Mechanisms and management of 3rd‑generation EGFR‑TKI resistance in advanced non‑small cell lung cancer (Review)
- Jingyi He
- Zhengrong Huang
- Linzhi Han
- Yan Gong
- Conghua Xie
Affiliations: Department of Radiation and Medical Oncology, Zhongnan Hospital of Wuhan University, Wuhan, Hubei 430071, P.R. China, Department of Biological Repositories, Zhongnan Hospital of Wuhan University, Wuhan, Hubei 430071, P.R. China
- Published online on: September 24, 2021 https://doi.org/10.3892/ijo.2021.5270
Copyright: © He
et al. This is an open access article distributed under the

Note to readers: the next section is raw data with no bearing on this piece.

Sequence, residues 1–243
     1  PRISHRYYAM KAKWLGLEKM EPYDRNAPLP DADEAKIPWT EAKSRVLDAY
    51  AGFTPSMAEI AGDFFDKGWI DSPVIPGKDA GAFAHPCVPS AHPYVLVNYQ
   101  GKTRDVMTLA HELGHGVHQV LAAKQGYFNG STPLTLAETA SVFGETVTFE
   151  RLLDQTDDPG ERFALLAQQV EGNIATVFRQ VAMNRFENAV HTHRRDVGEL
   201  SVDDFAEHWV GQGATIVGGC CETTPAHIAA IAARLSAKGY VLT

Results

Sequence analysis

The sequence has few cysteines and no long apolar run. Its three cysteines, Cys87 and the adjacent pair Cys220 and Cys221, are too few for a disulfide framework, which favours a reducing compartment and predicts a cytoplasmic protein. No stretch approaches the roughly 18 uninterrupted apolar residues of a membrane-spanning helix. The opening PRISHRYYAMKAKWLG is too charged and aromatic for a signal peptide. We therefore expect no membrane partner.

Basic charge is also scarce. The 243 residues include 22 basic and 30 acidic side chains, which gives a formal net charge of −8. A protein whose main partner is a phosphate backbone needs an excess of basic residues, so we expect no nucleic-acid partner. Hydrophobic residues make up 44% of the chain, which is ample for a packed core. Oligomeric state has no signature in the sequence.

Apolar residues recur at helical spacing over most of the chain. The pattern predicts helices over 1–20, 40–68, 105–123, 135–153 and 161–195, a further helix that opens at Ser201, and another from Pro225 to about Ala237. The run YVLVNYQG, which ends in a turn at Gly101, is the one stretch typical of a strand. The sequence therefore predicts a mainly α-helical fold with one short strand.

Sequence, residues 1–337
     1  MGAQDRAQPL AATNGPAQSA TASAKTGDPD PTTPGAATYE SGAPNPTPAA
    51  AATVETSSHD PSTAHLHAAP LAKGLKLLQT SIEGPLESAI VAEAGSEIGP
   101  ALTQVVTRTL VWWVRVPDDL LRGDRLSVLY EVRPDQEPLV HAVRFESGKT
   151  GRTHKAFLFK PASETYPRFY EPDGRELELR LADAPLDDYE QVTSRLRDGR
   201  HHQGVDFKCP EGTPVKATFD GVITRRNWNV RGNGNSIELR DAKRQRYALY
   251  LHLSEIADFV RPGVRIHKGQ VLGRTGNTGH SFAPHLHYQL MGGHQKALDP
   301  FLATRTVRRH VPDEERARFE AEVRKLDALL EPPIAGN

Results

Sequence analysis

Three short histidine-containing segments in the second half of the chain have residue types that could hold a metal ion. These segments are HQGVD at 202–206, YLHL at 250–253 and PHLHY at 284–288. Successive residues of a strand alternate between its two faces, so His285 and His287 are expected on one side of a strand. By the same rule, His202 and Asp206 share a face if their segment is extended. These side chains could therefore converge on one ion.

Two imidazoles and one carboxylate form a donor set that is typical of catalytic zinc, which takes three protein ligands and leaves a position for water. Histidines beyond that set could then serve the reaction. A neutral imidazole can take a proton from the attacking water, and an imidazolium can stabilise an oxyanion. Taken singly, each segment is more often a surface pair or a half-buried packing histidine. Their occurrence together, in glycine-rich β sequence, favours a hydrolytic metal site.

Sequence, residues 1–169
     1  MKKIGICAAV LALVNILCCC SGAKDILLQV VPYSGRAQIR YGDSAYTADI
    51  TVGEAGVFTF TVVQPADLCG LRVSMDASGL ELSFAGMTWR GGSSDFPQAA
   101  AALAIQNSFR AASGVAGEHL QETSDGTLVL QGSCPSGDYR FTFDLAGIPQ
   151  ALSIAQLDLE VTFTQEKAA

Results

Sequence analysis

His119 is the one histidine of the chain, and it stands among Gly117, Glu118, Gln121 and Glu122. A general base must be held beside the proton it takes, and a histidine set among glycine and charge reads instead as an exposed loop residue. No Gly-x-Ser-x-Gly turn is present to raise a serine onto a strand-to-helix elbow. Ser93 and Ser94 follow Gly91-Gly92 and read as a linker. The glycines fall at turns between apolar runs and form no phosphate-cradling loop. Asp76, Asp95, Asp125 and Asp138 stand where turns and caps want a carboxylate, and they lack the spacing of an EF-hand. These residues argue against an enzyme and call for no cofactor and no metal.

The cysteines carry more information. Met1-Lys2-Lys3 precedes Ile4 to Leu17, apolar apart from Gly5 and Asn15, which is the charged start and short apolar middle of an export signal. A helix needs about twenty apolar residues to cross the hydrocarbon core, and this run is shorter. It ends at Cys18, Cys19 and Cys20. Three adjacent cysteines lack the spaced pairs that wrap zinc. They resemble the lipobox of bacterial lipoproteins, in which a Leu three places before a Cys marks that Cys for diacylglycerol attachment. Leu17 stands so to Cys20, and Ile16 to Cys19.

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Targeted therapy with epidermal growth factor receptor (EGFR)‑tyrosine kinase inhibitors (TKIs) is a standard modality of the 1st‑line treatments for patients with advanced EGFR‑mutated non‑small cell lung cancer (NSCLC), and substantially improves their prognosis. However, EGFR T790M mutation is the primary mechanism of 1st‑ and 2nd‑generation EGFR‑TKI resistance. Osimertinib is a representative of the 3rd‑generation EGFR‑TKIs that target T790M mutation, and has satisfactory efficacy in the treatment of T790M‑positive NSCLC with disease progression following use of 1st‑ or 2nd‑generation EGFR‑TKIs. Other 3rd‑generation EGFR‑TKIs, such as abivertinib, rociletinib, nazartinib, olmutinib and alflutinib, are also at various stages of development. However, the occurrence of acquired resistance is inevitable, and the mechanisms of 3rd‑generation EGFR‑TKI resistance are complex and incompletely understood. Genomic studies in tissue and liquid biopsies of resistant patients reveal multiple candidate pathways. The present review summarizes the recent findings in mechanisms of resistance to 3rd‑generation EGFR‑TKIs in advanced NSCLC, and provides possible strategies to overcome this resistance. The mechanisms of acquired resistance mainly include an altered EGFR signaling pathway (EGFR tertiary mutations and amplification), activation of aberrant bypassing pathways (hepatocyte growth factor receptor amplification, human epidermal growth factor receptor 2 amplification and aberrant insulin‑like growth factor 1 receptor activation), downstream pathway activation (RAS/RAF/MEK/ERK and PI3K/AKT/mTOR) and histological/phenotypic transformations (SCLC transformation and epithelial‑mesenchymal transition). The combination of targeted therapies is a promising strategy to treat osimertinib‑resistant patients, and multiple clinical studies on novel combined therapies are ongoing.